14H: Your poem "High Water Blues" is one of the most authentic-feeling poems I’ve read about Hurricane Katrina. Where were you during that tragedy?
AL: Ah hell, I was in a college town in Bloomington, Indiana. My father had been the assistant DA [in Louisiana] but when my grandmother died, his mother, we moved further north. But it’s always been a kind of home for me. It’s where I learned to walk. It’s where I learned to talk. So it really affected me. I had a little money in savings and I took all of it. I gave my car to my dad and borrowed his truck and went down to New Orleans to help out a bit.
When I saw all of the destruction, I stayed. It was a fascinating time. You could drive clear across the city with no red lights. All the cops were downtown guarding the French Quarter so the whole town was cop-free. You could speed anywhere you wanted to go. All the bars were lit with candles. There was no electricity. Acoustic guitars. And for the people who came back early, there was this huge camaraderie. There’d be 500 people if you went to a block party. Because everybody would be at that party.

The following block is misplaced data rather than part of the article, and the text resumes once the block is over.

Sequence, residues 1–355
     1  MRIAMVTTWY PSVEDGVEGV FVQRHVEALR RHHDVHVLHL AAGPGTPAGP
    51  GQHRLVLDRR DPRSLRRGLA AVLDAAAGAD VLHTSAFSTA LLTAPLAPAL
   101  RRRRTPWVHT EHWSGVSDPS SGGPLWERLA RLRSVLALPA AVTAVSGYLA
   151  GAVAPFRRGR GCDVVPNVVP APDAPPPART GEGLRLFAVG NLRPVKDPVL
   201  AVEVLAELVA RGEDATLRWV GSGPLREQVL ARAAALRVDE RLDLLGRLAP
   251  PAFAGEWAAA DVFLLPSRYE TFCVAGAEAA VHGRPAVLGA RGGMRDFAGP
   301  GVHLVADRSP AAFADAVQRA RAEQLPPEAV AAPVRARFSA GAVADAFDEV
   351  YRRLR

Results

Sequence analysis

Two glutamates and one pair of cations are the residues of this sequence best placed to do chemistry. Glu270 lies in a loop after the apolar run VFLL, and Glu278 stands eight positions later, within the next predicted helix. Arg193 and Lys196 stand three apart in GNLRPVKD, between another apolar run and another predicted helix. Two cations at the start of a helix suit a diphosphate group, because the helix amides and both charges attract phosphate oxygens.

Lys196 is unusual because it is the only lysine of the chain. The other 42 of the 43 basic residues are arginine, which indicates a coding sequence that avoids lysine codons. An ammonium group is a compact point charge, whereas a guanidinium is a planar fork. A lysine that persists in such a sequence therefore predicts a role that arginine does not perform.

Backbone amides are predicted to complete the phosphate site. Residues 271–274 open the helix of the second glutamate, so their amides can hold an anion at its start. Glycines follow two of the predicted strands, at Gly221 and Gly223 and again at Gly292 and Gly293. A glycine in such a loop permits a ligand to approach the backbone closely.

But my favorite day there was a big rain storm that we had. You can get torrential rains in New Orleans. And this is maybe nine months after it hit. I’d been helping friends all day, so I was a little skuzzy. And I put on my bathing suit and got my shampoo and my soap and just walked out in the middle of the street, right where the trollies used to run and just bathed right there. It was just coming down and you could literally just soap up under a tree and then step out from under it. And I remember all the people looking at me because as far as they knew, that was my life. In fact, I was choosing to be there, but I remember seeing some local people who were like, Man, I got it better than that guy. [laughs] So that was a fun moment…But I started writing a lot down there, and those were poems that just came out of the stuff that I saw. But I’ve only written two poems that attend to [Katrina]. It’s too sacred to write too much about.
14H: There’s a poem toward the end of the collection called "Celebrating Brenda’s Telethon" that captures the cultural importance and joy of southern food. Is that something you miss since you moved to Brooklyn to go to New York University?